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John "Jack" is the proverbial seventh son. The youngest male and twelfth of the thirteen Allen children, he was born and raised in DuBois, PA. His father, serving as Postmaster of DuBois at the time, was very involved in politics and active in a wide range of community endeavors. While operating the successful Con Allen Shoe Store, Con ran the well known Holy Name band which marched in Woodrow Wilson's 2nd Inaugural Parade as well as leading the Knights of Columbus as Grand Knight. He was urged to be the Democratic candidate for Congress in 1914 but elected to remain in DuBois and raise his prodigious family. Jack's father definitely set the tone for his love of life and career long history of involvement and participation.
His parents Laura Baumgardner and Cornelius Allen were insistent that the entire Allen household be musically inclined, so it was natural for Jack to begin playing an instrument at an early age. Fund raising community programs show the Allen family, Jack included , as talented musicians arranged by his parents in enjoyable ensembles. Living just across Weber Avenue from St. Catherine's Catholic Church insured there was always an opportunity to perform.
Enrolled at St. Catherine's Academy he showed a penchant for drawing, illustrating his class yearbook The Mentor in 1929. Jack, according toThe Mentor was prophesied to become a famous architect...well, he was very successful in building a wonderful family!
Jack enlisted in the Navy as a Musicians Mate as well as serving in the signal corps. Since he had applied to and was qualified academically for the United States Naval Academy, but subsequently deemed not physically qualified by reason of color blindness, one can only marvel at his success as a signalman. He served on a number of ships including the USS Chicago and USS Seattle, large cruisers that sailed to the Far Eastern (China) Theater, during the time portrayed in the book and movie "TheSand Pebbles."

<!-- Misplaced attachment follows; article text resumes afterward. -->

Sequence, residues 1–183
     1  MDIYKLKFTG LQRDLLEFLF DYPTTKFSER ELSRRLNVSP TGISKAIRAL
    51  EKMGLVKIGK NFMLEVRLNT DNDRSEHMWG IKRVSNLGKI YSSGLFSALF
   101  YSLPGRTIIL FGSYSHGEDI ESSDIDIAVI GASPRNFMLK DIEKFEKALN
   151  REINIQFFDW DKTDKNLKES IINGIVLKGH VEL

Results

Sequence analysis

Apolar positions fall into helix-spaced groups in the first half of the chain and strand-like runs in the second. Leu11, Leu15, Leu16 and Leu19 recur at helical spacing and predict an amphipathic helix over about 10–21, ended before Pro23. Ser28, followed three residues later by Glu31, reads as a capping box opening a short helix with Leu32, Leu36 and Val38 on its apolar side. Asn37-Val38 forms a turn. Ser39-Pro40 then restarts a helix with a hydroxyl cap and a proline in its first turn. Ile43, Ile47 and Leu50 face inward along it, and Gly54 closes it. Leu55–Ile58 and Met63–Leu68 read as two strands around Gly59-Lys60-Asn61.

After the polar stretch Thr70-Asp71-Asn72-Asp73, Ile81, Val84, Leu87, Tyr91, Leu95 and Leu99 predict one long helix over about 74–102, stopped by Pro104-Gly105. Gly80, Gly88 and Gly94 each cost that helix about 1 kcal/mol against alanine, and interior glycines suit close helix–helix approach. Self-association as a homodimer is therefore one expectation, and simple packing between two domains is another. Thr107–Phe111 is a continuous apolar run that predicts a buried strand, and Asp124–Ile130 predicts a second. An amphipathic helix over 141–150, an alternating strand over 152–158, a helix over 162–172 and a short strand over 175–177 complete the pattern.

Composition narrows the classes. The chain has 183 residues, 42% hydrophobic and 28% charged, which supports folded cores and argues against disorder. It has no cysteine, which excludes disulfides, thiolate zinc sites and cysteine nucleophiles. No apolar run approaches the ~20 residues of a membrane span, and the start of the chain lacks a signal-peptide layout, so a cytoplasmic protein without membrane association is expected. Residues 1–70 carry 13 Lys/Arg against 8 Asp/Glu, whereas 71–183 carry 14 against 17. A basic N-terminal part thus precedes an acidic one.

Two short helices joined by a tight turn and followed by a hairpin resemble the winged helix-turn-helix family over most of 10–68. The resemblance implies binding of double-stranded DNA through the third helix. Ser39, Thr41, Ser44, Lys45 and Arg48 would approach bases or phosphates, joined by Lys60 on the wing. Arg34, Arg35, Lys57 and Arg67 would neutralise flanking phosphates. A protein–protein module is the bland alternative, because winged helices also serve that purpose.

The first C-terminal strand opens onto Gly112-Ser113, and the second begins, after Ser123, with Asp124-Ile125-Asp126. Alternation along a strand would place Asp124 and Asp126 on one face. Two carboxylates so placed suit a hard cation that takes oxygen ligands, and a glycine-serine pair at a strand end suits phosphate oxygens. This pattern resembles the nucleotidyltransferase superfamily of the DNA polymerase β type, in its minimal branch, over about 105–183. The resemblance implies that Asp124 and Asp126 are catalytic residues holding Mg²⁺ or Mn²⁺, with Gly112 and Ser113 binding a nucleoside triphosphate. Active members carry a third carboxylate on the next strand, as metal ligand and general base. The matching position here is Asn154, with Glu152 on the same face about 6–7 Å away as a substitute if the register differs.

Upon release from the service Jack's musical background led him straight to the Big Bands - most notably with the Ray Pearl Orchestra although he did swing with the likes of Tommy and Jimmy Dorsey. Jack loved to regale his listeners with stories of orchestra life in the 30's and early 40's. He recalled how all of the bands stayed in required "Band Hotels" so that the strong Musicians Union under James Petrillo would be sure to get their cut. He bragged that he taught Henry Mancini how to play the flute. Toting his double reeded pump organ from"The World Famous Folding Organ Company" Jack also did arranging for the orchestras using his gift for perfect pitch.
Andy Anderson a piano playing DuBois friend of Jack's introduced him to one of her girl friends, Helen Louise Howatt, so that they all might make a foursome to see Cab Calloway and dance to his music in a well known ball room about an hour north of DuBois. Helen not only said yes on that occasion, she also became Jack's constant companion on these weekly excursion. It must have been love at first sight because in 1937 Jack married Helen the day after Christmas in Pittsburgh. They had to squeeze it in between band sessions as the paper wrote it up, HOWATT-ALLEN NUPTIAL EVENT IS YULE FEATURE A pretty wedding of the the Christmas season, in which two popular members of DuBois' younger social set played the principal roles was solemnized in Pittsburgh, Sunday evening December 26th, when Miss Helen Louise Howatt, daughter of William Howatt, Sr., of Pifer Street became the bride of Jack B. Allen, son of Mr. and Mrs. Cornelius Allen Sr. of West Weber Avenue.